From the start of the project, the local population is in the driving seat. After all, they know better than anyone what they need to improve their living conditions. And they don't stop there. "We mobilise them so that they actively participate and contribute to their own development and do so in an integrated way both in terms of health, education and economic empowerment," Aziza says. "For example, in the construction of the health centres, they take care of manufacturing the bricks themselves. In Bosenduni village, 11 000 have already been made. Each community decides in which way they want to contribute. And they will manage this health centre together with the health committee (= structured civil society organisation) and the other members of a local development committee (Comité Local de Développement). Furthermore, we encourage and strengthen the organisations that keep everything running.

 

Established value

Congodorpen is a relatively small organisation with in Belgium only 3 female staff members, all of African origin, operating from Leuven and 1 colleague who is media and press officer. Then again, in RC Congo, only male teams are working for Congodorpen. "I would like to see this change," smiles Aziza. "Because promoting gender equality remains a challenge. I found that out for myself when I traversed our project area on the moto of our Congolese team. A woman on a motorcycle, that was dangerous and clearly not the custom." In Morocco, Congdorpen has no office but works with a local partner where gender balance is balanced.

Despite its modest occupancy, Congdorpen does have an established presence in the international solidarity landscape. In RC Congo, the organisation is known for expanding coffee farming and as a co-founder of the Max Havelaar Fairtrade label. Even today, the NGO continues to lobby the local, provincial, regional and national authorities of its area of operation for the necessary support. That the political situation in north-west Congo is fairly stable, unlike in other regions, is an advantage and creates opportunities for development.

Moreover, the evolution from 'aid' to the current inclusive approach, opened the door for the creation of public-private partnerships. As a result, the buzz words of the past (sustainability, inclusive growth, human rights, empowerment...) do now become realistic goals. Step by step, deal by deal, they are translated into concrete, proactive and solution-oriented actions.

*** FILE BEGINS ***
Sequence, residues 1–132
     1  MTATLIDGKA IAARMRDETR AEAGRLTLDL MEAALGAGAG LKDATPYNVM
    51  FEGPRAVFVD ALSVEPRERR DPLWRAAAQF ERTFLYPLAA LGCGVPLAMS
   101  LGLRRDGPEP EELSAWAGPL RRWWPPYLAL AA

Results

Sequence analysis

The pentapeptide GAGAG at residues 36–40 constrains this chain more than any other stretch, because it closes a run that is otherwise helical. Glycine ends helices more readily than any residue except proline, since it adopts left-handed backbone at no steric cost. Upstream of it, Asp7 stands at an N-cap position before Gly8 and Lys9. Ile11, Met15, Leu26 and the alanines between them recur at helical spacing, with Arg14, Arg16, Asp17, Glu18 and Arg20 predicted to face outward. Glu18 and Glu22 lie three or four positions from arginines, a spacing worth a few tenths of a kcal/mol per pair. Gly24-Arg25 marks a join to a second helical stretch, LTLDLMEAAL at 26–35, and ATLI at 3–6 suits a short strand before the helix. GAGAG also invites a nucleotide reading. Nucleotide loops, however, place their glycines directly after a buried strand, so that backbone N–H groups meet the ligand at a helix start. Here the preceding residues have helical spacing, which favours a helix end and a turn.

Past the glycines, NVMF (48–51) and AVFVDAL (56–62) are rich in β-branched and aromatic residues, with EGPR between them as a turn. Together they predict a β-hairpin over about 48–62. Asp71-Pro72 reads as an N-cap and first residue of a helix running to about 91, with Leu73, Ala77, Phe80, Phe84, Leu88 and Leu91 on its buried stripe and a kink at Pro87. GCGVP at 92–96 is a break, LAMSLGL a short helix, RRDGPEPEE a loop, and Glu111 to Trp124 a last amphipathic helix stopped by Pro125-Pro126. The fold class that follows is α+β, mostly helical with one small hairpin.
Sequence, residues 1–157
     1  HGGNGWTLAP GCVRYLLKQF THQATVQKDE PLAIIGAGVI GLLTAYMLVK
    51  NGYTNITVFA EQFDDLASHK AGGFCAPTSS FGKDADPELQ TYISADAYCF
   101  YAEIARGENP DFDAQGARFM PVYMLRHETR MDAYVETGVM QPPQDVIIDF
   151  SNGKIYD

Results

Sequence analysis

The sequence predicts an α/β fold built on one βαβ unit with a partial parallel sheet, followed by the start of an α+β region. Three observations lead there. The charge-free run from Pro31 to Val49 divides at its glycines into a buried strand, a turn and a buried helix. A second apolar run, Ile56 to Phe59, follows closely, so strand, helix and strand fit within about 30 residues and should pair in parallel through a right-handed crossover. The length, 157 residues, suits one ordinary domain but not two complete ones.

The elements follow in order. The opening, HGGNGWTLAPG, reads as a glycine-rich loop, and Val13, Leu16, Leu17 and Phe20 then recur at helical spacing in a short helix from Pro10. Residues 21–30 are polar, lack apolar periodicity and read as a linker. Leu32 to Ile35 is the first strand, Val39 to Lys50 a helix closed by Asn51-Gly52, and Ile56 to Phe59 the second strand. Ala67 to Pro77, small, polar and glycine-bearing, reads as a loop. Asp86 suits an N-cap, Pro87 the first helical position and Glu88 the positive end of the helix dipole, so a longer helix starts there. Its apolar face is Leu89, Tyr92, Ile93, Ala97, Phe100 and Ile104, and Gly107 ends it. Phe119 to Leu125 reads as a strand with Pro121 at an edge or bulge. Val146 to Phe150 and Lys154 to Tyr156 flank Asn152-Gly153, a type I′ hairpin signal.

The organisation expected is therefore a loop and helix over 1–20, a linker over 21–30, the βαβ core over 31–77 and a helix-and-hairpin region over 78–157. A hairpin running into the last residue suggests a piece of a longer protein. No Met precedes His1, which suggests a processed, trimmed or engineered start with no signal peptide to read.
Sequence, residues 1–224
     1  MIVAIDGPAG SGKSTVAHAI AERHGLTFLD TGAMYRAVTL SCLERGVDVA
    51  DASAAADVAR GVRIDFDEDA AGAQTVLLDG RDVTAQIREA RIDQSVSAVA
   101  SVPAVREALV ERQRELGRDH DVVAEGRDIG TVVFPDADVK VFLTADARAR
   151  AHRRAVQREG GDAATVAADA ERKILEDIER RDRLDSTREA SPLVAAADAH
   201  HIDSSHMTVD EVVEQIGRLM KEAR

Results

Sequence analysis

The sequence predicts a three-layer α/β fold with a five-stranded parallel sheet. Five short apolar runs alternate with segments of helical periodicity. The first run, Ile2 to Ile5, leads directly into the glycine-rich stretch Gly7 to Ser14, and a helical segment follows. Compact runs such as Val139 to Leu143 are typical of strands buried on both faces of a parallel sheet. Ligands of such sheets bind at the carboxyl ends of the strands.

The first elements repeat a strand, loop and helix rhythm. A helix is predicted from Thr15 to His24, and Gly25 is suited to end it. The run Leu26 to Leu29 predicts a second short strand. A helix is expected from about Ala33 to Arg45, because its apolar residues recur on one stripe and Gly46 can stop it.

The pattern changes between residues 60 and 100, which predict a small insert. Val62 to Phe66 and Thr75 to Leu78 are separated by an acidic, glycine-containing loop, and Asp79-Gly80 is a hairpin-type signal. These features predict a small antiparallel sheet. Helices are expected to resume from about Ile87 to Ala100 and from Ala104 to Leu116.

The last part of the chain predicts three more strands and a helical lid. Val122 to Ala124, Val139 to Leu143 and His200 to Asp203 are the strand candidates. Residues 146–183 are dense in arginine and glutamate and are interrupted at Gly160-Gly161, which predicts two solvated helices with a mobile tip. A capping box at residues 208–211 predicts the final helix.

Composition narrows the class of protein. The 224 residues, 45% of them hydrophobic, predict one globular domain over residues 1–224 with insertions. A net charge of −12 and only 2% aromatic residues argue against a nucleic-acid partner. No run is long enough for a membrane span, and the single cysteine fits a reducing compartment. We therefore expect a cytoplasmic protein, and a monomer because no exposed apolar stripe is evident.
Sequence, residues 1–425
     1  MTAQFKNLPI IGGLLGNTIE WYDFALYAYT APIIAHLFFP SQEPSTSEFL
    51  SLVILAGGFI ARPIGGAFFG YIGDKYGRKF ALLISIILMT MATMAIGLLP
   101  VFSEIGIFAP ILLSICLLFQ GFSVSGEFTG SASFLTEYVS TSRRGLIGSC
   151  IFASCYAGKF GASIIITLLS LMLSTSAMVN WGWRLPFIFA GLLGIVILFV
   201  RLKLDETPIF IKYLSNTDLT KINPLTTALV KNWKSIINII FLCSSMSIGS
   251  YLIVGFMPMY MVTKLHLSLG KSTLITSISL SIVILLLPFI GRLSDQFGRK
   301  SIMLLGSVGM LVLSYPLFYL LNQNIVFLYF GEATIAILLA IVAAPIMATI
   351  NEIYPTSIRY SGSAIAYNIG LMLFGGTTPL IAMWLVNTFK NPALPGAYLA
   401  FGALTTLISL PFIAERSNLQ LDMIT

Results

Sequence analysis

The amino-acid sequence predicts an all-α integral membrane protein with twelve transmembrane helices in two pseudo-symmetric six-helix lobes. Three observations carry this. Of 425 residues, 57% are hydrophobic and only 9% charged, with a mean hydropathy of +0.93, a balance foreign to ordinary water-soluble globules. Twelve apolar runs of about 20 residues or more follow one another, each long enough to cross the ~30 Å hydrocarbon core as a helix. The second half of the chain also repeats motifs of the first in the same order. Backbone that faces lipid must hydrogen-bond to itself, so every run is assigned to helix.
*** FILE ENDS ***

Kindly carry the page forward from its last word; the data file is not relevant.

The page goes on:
Besides working with local organisations, Congodorpen also collaborates with other Belgian and national NGOs with the aim of setting up synergies and achieving faster results together.

 

Aziza: "It's like coming home for me"

Aziza Braekevelt only recently joined the Congodorpen team, but has known the organisation for much longer. "The international solidarity sector is a small world in which everyone knows each other well, even though the way it works is changing rapidly. As General Coordinator at the small NGO Rotary Clubs for Development, I was responsible for implementing the joint programme, of which Congodorpen was also a member. Now, in my position at Congodorpen, I come into contact again with the NGO Karama Solidarity, supported by the Moroccan diaspora, for which I worked as South Coordinator 12 years ago. Personally, I have a close relationship with the Moroccan diaspora and that helps me a lot in my work with the team in our project area in Morocco."

Although born in Roeselare to a Congolese mother and a Flemish father, Aziza feels a strong connection to RC Congo. She took her first steps in her mother's family's jungle village Kolé, where she regularly travelled for several months during her childhood. There, Aziza learnt to deal with the laws of the jungle and with the local people who bear many similarities to those in the Congo villages project area. During her work trip in June, she discovered that Kolé is 'only' five travel days from the Ubangi region. "I immediately recognised the similar cultural, traditional mentality and customs, which facilitated my integration. It was like coming home for me there!"